Achieving the Industry’s Paper Recovery Goal

Aug 08, 2018

Hawkinson_Brian-WebBy Brian Hawkinson
Executive Director, Recovered Fiber

The industry has a goal to exceed 70 percent paper recovery for recycling by 2020.  The goal is part of AF&PA’s Better Practices Better Planet 2020 suite of sustainability goals.

In 2017, the paper recovery rate came in at 65.8 percent—and the paper recovery rate has met or exceeded 63 percent each of the past nine years. The industry is close to reaching the goal, but there are three trends that will have a bearing on whether we will be able to achieve it.

The first is the changing composition of the paper recovery stream. Old newspapers (ONP), which have historically been recovered at a high rate (76.6 percent recovery in 2017), are making up a smaller segment of the overall paper recovery stream. Over the past five years, the amount of ONP recovered for recycling has declined by 23 percent.

The second trend is the changing location of recyclable paper and paper-based packaging. This is especially true for corrugated packaging: with the growth of e-commerce, more consumer products are being shipped to homes in corrugated packaging and less is going to traditional retail establishments. The recovery rate for corrugated packaging is very high at retail establishments and varies by community for residences.

Increasing contamination of paper and paper-based packaging in the residential recovery stream is the third trend. Trash included in residential recycling carts and bins leads to increased time and cost to process the recyclable materials and leaves some hard to eliminate items, like plastic shopping bags, in bales of recovered fiber. When that happens, the value of the bales decreases and mills (in the U.S. and around the world) are less likely to want to use them to make new paper and paperboard.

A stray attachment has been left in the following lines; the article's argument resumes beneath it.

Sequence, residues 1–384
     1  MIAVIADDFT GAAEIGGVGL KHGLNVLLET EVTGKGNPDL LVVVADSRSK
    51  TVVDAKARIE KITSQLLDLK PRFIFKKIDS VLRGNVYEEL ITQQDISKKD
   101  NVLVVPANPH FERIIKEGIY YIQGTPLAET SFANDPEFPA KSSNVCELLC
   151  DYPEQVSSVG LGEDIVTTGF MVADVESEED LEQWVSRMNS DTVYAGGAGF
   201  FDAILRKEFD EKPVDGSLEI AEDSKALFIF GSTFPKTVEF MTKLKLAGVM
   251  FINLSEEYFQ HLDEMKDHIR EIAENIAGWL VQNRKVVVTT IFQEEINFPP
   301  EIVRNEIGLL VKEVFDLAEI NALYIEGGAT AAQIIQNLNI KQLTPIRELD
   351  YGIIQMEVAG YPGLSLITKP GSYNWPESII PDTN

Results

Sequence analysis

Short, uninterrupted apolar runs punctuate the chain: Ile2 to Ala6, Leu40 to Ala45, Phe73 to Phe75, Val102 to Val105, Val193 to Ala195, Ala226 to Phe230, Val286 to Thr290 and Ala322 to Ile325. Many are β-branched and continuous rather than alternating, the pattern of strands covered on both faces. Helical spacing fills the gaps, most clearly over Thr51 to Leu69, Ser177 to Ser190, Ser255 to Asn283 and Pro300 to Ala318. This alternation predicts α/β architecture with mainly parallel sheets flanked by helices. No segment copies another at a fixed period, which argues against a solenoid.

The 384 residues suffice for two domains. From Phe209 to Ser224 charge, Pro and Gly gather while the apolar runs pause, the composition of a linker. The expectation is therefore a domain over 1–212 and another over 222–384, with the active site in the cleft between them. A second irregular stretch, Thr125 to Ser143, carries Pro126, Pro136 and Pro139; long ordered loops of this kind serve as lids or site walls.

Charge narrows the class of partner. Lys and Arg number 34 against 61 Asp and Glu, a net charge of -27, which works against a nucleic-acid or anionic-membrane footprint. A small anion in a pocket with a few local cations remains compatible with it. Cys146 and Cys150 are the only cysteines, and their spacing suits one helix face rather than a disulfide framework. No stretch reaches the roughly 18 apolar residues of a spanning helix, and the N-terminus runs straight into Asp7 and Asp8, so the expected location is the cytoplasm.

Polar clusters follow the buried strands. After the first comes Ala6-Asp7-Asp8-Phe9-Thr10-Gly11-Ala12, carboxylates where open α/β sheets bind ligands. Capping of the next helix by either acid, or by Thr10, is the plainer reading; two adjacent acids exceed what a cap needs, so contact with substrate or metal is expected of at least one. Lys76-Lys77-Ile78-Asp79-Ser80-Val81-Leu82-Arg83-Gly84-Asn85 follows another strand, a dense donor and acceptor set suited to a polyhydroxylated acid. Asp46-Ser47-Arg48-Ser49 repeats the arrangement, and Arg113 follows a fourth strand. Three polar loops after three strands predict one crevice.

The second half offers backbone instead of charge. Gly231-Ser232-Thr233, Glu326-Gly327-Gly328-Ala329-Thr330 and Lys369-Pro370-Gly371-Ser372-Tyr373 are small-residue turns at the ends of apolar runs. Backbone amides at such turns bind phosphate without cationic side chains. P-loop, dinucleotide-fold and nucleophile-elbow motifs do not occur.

While some trends pose challenges to achieving the 70 percent paper recovery goal, others are providing tailwinds. U.S. paper and paperboard mills consumed more recovered paper in 2017 to make new products—approximately 330,000 tons more than in 2016. 

In addition, the industry is focusing on promoting increased recovery of corrugated packaging from residences by educating consumers about the importance of recycling corrugated boxes and how to recycle them properly.

Finally, local paper processors and materials recovery facility operators are making investments in sorting equipment to improve their ability to reduce contaminants and put better quality paper bales into the market.

So, stay tuned! The next three years will be an interesting case study in whether the positive trends can overcome the challenging ones so the industry can achieve its paper recovery goal.